Pride and Prejudice: Plot and Character Analysis

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  • 0:11 The Original Romantic Comedy
  • 1:52 Beginnings and Protagonists
  • 4:55 Antagonists
  • 6:59 The Bennets
  • 8:59 Lesson Summary
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Lesson Transcript
Instructor: Kelly Sjol
In this lesson, we'll go over the quintessential romantic comedy, Pride and Prejudice. We'll take a look at all of the factors conspiring to keep Elizabeth and Mr. Darcy apart as well as read some of Jane Austen's sparkling prose.

The Original Romantic Comedy

Any brief summary of Pride and Prejudice is going to sound pretty much like every romantic comedy you've ever seen - that's because it's kind of the first one. Elizabeth Bennet and Mr. Darcy don't like each other when they first meet. They're forced to spend a lot of time together through contrived circumstances, and they end up falling in love and getting married. (I'm sorry if that was a spoiler, but you could kind of see it coming.)

Pick a movie: How to Lose a Guy in 10 Days, Bridget Jones' Diary, Knocked Up, When Harry Met Sally. In all of these, it starts out rough then ends up being a wonderful union at the end. It's also not a coincidence that almost every Jane Austen novel has been made into a movie because we've got a way of thinking about that kind of plot now in movies; it's a sure box office winner. But Jane Austen was way more talented than your average Hollywood screenwriter. She kind of invented this plot; she invented the 'people don't like each other and then they fall in love' story.

She, actually, originally titled the book First Impressions, but she was forced to change it when she published it. This is interesting to know because it's kind of a handy way of remembering what Elizabeth and Darcy think of each other. The new title is Pride and Prejudice; the original title was First Impressions. Their 'first impressions' of each other are that Darcy is way too 'proud', and Elizabeth thinks he's too proud and is 'prejudiced' against liking him on further interaction.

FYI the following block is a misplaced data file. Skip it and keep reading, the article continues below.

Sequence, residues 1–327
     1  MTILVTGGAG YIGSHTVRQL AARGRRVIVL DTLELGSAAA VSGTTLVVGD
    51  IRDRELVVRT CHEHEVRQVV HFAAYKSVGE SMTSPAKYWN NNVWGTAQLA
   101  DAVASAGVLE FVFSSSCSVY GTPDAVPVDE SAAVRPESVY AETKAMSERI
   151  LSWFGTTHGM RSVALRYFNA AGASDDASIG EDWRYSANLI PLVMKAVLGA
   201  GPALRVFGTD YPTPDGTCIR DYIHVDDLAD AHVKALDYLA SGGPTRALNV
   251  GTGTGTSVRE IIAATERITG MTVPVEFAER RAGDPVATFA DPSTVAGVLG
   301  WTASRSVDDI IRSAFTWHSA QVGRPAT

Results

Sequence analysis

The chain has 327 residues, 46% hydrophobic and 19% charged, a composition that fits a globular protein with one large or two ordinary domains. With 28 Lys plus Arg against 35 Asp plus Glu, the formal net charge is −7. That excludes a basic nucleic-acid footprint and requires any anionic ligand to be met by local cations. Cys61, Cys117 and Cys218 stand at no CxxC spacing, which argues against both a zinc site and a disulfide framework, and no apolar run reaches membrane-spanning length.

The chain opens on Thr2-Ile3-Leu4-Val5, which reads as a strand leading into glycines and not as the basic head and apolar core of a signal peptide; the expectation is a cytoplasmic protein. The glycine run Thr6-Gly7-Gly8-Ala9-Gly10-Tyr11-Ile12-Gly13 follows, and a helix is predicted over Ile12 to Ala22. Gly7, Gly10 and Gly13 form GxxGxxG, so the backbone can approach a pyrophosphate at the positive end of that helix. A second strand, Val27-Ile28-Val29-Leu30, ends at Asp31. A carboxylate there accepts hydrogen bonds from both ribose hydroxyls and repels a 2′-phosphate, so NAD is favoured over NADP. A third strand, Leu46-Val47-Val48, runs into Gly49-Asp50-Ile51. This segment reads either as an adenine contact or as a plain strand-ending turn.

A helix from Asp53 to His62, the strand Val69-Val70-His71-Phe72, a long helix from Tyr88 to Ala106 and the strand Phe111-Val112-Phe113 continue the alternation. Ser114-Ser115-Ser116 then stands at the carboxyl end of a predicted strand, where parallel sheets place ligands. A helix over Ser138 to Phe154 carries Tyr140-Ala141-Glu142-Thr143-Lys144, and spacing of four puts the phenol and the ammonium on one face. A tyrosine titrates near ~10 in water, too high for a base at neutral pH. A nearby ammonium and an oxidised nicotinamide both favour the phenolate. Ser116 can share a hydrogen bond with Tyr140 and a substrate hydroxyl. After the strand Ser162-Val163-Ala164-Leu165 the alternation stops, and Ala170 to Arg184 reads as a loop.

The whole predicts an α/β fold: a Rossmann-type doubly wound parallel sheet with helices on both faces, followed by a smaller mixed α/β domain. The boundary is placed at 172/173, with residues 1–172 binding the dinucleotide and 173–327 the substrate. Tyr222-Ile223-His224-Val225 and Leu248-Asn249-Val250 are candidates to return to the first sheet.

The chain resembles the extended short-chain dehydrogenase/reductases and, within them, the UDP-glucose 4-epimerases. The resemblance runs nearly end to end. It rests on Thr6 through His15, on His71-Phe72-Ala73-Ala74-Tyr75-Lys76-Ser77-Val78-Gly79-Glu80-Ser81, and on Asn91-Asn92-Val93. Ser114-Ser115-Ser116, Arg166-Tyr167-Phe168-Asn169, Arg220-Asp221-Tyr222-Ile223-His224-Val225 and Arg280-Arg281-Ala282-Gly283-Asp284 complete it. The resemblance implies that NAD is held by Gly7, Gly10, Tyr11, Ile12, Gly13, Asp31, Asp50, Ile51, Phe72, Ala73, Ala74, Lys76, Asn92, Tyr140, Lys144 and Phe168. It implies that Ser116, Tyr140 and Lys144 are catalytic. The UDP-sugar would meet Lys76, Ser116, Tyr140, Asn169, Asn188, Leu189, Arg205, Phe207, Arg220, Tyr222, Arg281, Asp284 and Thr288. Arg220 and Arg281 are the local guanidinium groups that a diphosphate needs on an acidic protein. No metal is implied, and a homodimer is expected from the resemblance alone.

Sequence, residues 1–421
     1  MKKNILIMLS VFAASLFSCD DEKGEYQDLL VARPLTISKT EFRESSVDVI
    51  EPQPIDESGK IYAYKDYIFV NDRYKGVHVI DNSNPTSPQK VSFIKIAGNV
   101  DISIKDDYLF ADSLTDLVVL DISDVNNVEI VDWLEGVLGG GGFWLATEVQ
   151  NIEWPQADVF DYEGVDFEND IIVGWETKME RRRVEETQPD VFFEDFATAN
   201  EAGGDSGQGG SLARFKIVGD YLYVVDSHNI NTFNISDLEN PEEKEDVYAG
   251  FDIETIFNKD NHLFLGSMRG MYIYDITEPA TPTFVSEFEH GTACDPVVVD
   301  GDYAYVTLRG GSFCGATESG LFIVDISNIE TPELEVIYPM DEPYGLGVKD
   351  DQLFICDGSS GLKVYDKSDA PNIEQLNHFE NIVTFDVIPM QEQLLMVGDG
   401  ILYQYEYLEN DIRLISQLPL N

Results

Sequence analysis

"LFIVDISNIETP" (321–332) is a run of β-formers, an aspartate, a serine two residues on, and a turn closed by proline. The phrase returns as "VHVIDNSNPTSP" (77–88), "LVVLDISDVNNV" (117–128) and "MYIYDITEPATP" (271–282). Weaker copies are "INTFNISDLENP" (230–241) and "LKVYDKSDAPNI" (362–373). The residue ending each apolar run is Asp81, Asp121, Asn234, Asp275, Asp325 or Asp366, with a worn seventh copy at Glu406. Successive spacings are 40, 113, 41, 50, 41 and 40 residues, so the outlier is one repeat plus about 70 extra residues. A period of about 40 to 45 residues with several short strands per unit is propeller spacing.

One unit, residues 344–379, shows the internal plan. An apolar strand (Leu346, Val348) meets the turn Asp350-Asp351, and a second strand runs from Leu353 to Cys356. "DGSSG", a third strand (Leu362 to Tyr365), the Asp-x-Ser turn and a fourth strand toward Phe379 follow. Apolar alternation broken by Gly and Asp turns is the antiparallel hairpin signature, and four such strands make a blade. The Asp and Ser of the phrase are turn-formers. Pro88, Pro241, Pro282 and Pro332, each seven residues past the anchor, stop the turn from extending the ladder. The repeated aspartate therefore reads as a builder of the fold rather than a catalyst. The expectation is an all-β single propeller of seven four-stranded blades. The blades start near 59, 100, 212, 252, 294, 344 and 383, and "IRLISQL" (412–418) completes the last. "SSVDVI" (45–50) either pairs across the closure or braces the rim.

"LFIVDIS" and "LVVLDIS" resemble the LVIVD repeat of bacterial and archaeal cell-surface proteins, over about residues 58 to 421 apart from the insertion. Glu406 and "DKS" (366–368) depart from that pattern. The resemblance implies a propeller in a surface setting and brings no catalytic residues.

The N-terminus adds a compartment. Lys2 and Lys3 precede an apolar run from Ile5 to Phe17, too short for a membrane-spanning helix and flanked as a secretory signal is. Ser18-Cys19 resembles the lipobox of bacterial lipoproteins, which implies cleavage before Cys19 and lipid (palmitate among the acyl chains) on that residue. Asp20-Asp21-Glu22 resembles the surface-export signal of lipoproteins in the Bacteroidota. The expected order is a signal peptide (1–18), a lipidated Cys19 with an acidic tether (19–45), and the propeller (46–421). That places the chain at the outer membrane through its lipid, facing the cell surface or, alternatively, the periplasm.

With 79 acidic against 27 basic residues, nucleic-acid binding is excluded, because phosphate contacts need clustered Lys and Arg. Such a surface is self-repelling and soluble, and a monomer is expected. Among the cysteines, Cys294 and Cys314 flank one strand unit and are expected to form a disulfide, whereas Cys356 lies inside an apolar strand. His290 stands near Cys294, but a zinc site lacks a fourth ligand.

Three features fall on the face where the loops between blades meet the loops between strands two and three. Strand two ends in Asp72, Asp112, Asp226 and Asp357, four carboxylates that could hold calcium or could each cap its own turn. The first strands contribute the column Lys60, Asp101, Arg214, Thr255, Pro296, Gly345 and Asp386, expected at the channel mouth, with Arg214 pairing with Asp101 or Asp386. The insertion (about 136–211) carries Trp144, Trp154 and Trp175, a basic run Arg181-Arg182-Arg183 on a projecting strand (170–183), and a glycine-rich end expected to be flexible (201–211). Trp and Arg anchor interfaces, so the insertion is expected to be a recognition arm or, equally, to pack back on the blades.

So, that's a neat way to remember that their 'first impressions' of each other are 'pride' and 'prejudice.'

Beginnings and Protagonists

The Bennet family has five daughters, and because of this silly rule called an entail, none of the daughters can actually inherit the estate. So, basically, at least a few of the daughters have to find very rich husbands or else the family is going to be ruined (because the estate will have to be inherited by someone who's not directly in it). At the beginning of the novel, the prospect of this happening is actually looking up. They might meet someone rich because someone rich has moved into the neighborhood. That is Mr. Bingley. The novel begins with this pretty famous line that you should probably remember:

'It is a truth universally acknowledged, that a single man in possession of a good fortune must be in want of a wife.'

Jane Austen is known for her dry wit and sparkling dialogue, and this is arguably one of her most famous lines, so you should probably know it. It's also an interesting line because you get the sense that Jane Austen, herself, doesn't really believe that it's true (it definitely wouldn't be 'universal,' so that tips us off). But her characters do, so she's inhabiting their voice right off the bat in the opening of the book. This is something that's called free indirect discourse because she's expressing the thoughts and words of her characters, but she's not directly signaling it. So, she's not saying he said, she thought or they believed (which would be the most applicable in this situation). She uses this all the time in the book, but it's really prominent in this opening sentence. It's also a famous opening sentence!

So, everyone in the neighborhood is freaking out because this rich guy has moved in nearby to this place called Netherfield Hall. The Bennets are freaking out times five because they have five daughters who all might want to marry this guy.

Luckily for them, Mr. Bingley actually likes one of their daughters, Jane, who's the oldest one. She's really pretty, and she's really nice, so it kind of makes sense that he would like her. They end up hanging out and dancing a lot at this neighborhood ball, which they seem to have a lot of in this book.

Bingley has brought along with him his even richer friend, Mr. Darcy, and he tries to set him up with Elizabeth at this same ball. Darcy's kind of a tool at first. So, Bingley's like, 'You should hook up with Elizabeth,' and Darcy's like, 'No. She's kind of ugly. I don't like her.' Elizabeth overhears this and is justifiably upset; thinks he's kind of a jerk. She's not a big fan. But like in all romantic comedies, they begin to grow on each other. Darcy, eventually, acknowledges that Elizabeth is pretty and that she's actually really smart and fun to be around. Elizabeth learns that, while maybe Darcy isn't the most socially gifted guy in the world, he's actually really nice and decent. And he also has a lot of money. From this set up, it seems like the sister-sister, friend-friend double wedding thing is going to happen, and it's going be great.


There are, actually, a lot of people in the book who do not want this to happen and are actively (and inactively) trying to stop it. We're going to go over some of those people now; they're kind of the main antagonists in this book.

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